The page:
The loveliest building in town,
some might even say the only pretty one,
unquestionably the only church
worthy of architectural notice,
in Oologah, Oklahoma, the town
that time misspelled—the key
players being the post office
and a drunken sign painter—
known, if at all, for a lake,
Will Rogers, and a whole lot
of trains (also storm prone,
so if the train in the night doesn’t whistle,
you’re probably in for it),
the old Methodist church,
a wood-frame structure, white,
with a red paneled door that says
“picturesque American small-town church”
better than any description of it does;
if you were writing the textbook, you
would choose it for the illustration.
Angled into the corner of Locust and Alta,
adjacent to the city park, its
congregation outgrew, abandoned it,
built anew, a spacious but generic
“facility,” out where the old highway
meets the new one, with a big parking lot.
The town government bought the
fellowship hall for municipal use,
but obviously didn’t need a church.
There was talk of conversion
to a library, a peaceful reading room
making the most of stained glass and hardwoods.
But “prohibitively expensive” inevitably
entered the conversation, the threat
of demolition not ruled out.
The nave sits square with the streets,
the narthex (maybe Methodists
call it something different?) with steeple
and bell turned on the bias.
Though I’ve never been inside,
I’ve been in enough other ones
to guess about what it looks like:
white walls, red-carpeted aisles,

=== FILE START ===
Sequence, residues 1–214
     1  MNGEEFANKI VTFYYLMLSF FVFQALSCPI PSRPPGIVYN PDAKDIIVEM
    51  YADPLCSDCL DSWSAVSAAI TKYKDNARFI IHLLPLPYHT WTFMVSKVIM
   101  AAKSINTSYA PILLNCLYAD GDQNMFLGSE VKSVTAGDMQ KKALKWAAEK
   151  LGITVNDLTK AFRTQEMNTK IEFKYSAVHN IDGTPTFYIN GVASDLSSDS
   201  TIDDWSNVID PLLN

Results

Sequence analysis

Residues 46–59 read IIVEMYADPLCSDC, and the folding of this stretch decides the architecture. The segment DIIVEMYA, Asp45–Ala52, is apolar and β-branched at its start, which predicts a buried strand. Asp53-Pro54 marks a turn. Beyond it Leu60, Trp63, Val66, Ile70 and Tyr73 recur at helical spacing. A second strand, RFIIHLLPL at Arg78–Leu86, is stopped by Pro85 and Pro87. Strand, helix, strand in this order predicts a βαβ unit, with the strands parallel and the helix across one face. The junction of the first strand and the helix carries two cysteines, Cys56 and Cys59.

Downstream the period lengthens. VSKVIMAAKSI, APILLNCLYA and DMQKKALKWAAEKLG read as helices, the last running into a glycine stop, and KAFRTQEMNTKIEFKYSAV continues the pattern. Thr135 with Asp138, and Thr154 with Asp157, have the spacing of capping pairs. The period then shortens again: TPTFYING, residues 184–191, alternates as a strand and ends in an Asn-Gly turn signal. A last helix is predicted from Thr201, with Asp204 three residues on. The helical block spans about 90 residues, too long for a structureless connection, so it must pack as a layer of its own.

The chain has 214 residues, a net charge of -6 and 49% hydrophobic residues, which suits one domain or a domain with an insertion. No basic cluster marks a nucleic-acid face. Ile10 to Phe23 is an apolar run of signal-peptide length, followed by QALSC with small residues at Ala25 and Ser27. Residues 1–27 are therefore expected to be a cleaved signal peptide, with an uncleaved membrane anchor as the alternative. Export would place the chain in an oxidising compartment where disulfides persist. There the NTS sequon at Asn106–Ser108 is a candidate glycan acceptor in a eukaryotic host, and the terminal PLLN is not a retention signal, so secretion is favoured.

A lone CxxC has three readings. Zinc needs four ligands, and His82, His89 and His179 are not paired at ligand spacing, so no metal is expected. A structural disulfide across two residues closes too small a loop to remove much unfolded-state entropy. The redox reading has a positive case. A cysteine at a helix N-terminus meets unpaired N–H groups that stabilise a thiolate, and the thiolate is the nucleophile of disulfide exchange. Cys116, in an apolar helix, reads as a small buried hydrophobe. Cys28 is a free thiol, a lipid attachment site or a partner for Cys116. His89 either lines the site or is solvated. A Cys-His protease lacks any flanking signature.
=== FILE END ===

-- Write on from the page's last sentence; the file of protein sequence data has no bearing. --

time-worn wooden pews. The exterior
not ornate, its beauty in simplicity.
The windows, though, are marvelous,
depicting Christological symbols
rather than pictorial narrative:
a lamb, a star, a dove, a fish, a chalice,
a theology in fragments of glass.
The building reminds me of a similar,
though less exemplary, church
in my home town, long vacant,
windows boarded over—the result
of a dwindling congregation,
members dying off, their children
moving away, rather than a growing one.
Not among the Methodists, though
I served as musician for one of their
churches once, my interest lies
mainly in the architecture, but still,
a church, or any house of religion,
abandoned seems weirdly lonesome, empty.
What happens to belief
when the believers all depart?
The Spirit goes, it’s said, where
the gathering takes place,
but what of the spirits of those
whose lives passed through here,
the God-fearing farmers, mechanics, and clerks;
the singers of hymns, bakers of cookies,
mowers of grass, bearers of flowers;
the christened, the married,
the unmarriageable, the dead?
Even outside, I intimate their presence,
don’t think they’ve moved out
to the highway.
T. Allen Culpepper